We are talking about six class sessions where the sixth is the exam.  You'll have the full 80 minutes for the test.  I will write it with the aim that it takes half that time.  That day you should spread out around the room.  The exam format will be 2 problems/scenarios (each spreadsheet within a workbook corresponds to a possible scenario.  There will also be one essay question.  I will distribute 3 to 5 potential questions ahead of time.  The actual question will be selected  from one of those.

The Monday before the exam we'll have a review session so you can feel prepared for the test.  I will do no new content then.   There won't be a blog post due the prior Thurs., to free up in class-time for the review.  Students will drive that session via the questions they ask.  

That leaves four other sessions and we will go through those last to first.  On Wed. October 10, we will discuss information economics as it pertains in insurance markets and in that context consider adverse selection (hidden information) and moral hazard (hidden action).  This session will be based on an Excel homework that I'm committed to author and have ready by next Tuesday (10/2).   The content in this homework is fair game for the midterm.

On Mon. October 8, we will recycle back to transfer prices.  This session will be partly a discussion about student posts on Illini bucks, partly a discussion about non-price means of allocation as an alternative to transfer prices, and partly a discussion about off-the-top funding for a division as an alternative to transfer pricing.  We also want to review the Excel spreadsheet on transfer pricing from the homework.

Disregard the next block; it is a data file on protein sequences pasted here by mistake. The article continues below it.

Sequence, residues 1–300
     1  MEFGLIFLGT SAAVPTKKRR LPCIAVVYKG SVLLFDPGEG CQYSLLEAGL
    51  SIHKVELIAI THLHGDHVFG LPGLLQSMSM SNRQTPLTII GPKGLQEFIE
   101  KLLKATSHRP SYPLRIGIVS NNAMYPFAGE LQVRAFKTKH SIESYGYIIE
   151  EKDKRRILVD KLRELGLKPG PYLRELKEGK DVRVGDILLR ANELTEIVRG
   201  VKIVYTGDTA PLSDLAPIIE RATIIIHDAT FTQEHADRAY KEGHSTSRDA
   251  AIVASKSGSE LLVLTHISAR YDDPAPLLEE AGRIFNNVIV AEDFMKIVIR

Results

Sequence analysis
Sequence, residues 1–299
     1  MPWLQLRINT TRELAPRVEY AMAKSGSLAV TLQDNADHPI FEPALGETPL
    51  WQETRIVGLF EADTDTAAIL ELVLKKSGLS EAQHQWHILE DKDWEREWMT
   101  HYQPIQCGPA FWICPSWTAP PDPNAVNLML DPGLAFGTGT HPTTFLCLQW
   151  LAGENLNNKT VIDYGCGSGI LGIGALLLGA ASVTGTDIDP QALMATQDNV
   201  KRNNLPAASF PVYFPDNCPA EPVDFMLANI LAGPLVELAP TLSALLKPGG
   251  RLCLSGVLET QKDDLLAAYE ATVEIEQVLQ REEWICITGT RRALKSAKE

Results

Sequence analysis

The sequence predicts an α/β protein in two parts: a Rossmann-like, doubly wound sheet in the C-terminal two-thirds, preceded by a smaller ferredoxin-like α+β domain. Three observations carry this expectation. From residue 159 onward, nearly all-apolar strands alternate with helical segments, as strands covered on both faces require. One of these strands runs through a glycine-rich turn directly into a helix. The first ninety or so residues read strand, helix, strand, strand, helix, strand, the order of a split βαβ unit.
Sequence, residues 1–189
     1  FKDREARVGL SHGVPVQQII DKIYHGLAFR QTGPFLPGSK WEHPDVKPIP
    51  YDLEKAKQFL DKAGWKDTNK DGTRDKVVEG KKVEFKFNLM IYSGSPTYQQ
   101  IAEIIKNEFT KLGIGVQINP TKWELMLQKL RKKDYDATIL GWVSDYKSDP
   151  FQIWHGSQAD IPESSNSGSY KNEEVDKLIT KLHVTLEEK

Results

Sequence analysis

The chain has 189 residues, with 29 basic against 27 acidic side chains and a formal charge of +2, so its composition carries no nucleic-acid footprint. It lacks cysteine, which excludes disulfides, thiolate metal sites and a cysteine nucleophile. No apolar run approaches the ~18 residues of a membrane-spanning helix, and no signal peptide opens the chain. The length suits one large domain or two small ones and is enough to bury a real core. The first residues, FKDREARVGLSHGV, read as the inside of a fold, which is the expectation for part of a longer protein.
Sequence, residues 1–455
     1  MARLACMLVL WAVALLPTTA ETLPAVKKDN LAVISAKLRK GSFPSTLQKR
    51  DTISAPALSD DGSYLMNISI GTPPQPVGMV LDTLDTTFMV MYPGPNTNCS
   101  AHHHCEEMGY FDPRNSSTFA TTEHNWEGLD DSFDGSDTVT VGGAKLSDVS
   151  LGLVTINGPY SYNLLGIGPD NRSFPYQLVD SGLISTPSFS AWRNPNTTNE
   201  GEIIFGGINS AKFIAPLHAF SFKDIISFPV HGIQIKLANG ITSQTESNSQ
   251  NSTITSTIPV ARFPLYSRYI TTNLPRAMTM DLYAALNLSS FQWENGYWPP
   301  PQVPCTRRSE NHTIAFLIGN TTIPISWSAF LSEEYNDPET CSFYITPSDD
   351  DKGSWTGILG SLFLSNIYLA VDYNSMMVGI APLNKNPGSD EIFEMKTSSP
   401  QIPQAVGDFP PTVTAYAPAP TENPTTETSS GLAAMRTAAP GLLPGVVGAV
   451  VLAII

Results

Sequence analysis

On Wed. October 3, we will talk about the elements of risk and insurance.  I hope for most of you this is a review from intermediate micro.  My intent here is to spend a disproportionate amount of time on definitions of concepts.  Our best session so far was when we spent our time this way.  We'll also spend some time on a rudimentary model of insurance.  This will be based on material available here.

Next Mon., October 1,  we will continue the discussion about coordination in the presence of Knightian Uncertainty by talking about learning and decision making.  We'll consider the economics model of experimental consumption (or equivalently how a monopolist chooses price to learn about the  demand curve.  Then we'll consider non-economic approaches:  (1)  Steve Sample on Thinking Gray (Read the first pages through page 12.)  (2)  Malcolm Gladwell's Blink on Thin Slicing (Read the first pages through page 25.)  (3)  Daniel Kahneman on WYSIATI from Thinking Fast and Slow.

Annual David Kinley Lecture

When:  Thurs, Oct 25, 4 - 5:30
Where:  Spurlock Museum, Knight Auditorium
Who: Austan Goolsbee

Wednesday, September 26, 2012

Background material on the economics of risk

The last time I taught intermediate microeconomics, I made a bunch of Excel workbooks with numerically animated graphs, which I call Excelets, and then I produced some micro-lectures, one per worksheet, and delivered those as YouTube videos.

You can find the set of these on Risk and Uncertainty at the link.  The Excel workbook on which these are based can also be downloaded.   We might cover a few of these next week in class.   It is important background information for us.